The primary goals of the nursing staff at the Ocean City High School are to provide quality physical and emotional healthcare for the students and staff while promoting a safe and structured educational environment. Please use this site as a guide to all health and sports needs related to your student.
What is it?
MRSA (Methicillin-resistant Staphylococcus) is a type of staph bacterium that is resistant to antibiotics, making it more difficult to treat. It usually appears as a skin infection, but may lead to pneumonia or blood infections.
Who can get it?
Although previously found in hospitals and nursing homes, MRSA is now appearing in schools and daycare centers.
What does it look like?
Staph or MRSA infections usually appear as skin infections such as pimples, pustules and boils, which are red, swollen, painful, or have puss or other drainage.
How is it spread?
MRSA is almost always spread by direct physical contact. It can also spread when people contact contaminated objects such as towels, clothing, and gym or sports equipment.
How can we prevent it?
Simple measures such as proper hand washing, showering after working out and laundering clothing in hot water can help avoid contamination. If you have an opening in the skin it is important to keep it covered. Do not share equipment that is not cleaned regularly.
**Contact your Doctor if you have any suspicious skin lesions.
Action Steps for Parents to Protect Your Child and Family from the Flu this School Year: The Centers for Disease Control and Prevention (CDC) recommends 4 main ways you and your family may keep from getting sick with the flu at school and at home:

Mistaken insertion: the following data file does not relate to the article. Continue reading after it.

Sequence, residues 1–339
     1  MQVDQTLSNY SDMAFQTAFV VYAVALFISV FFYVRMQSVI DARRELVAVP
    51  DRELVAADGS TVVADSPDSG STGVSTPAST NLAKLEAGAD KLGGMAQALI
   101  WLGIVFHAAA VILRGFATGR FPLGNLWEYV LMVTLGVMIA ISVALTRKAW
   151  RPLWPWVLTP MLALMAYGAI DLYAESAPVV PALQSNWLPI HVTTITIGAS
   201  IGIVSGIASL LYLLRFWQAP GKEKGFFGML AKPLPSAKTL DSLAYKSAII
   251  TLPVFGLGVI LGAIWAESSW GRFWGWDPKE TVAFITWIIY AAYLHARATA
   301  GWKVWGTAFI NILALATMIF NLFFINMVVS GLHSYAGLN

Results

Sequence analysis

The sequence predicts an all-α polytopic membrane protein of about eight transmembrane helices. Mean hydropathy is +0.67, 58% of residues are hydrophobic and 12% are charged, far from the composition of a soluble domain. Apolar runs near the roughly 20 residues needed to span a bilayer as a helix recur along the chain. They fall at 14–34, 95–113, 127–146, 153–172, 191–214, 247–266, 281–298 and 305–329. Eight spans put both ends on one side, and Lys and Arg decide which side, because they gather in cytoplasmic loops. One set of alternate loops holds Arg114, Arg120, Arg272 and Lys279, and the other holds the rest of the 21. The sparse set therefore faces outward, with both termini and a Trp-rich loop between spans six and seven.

1) Practice good hand hygiene by washing your hands often with soap and water, especially after coughing or sneezing. Alcohol-based hand cleaners are also effective.
2) Cover your mouth and nose with a tissue when you cough or sneeze. If you don't have a tissue, cough or sneeze into your elbow or shoulder; not into your hands.
3) Stay home if you or your child is sick for at least 24 hours after there is no longer a fever or signs of a fever (without the use of fever-reducing medicine). Keeping sick students at home means that they keep their viruses to themselves rather than sharing them with others.
4) Get your family vaccinated for seasonal flu and H1N1 flu when vaccines are available.
If flu conditions become MORE severe, parents should consider the following steps:
Extend the time sick children stay home for at least 7 days, even if they feel better sooner. People who are still sick after 7 days should continue to stay home until at least 24 hours after symptoms have completely gone away.
If a household member is sick, keep any school-aged brothers or sisters home for 5 days from the time the household member became sick. Parents should monitor their health and the health of other school-aged children for fever and other symptoms of the flu.
Follow these steps to prepare for the flu during the school year:
Plan for child care at home if your child gets sick or their school is dismissed.
Plan to monitor the health of the sick child and any other children in the household by checking for fever and other symptoms of flu.
Identify if you have children who are at higher risk of serious disease from the flu and talk to your healthcare provider about a plan to protect them during the flu season. Children at high risk of serious disease from the flu include: children under 5 years of age and those children with chronic medical conditions, such as asthma and diabetes.
Identify a separate room in the house for the care of sick family members.
Update emergency contact lists.
Collect games, books, DVDs and other items to keep your family entertained if schools are dismissed or your child is sick and must stay home.
Talk to your school administrators about their pandemic or emergency plan.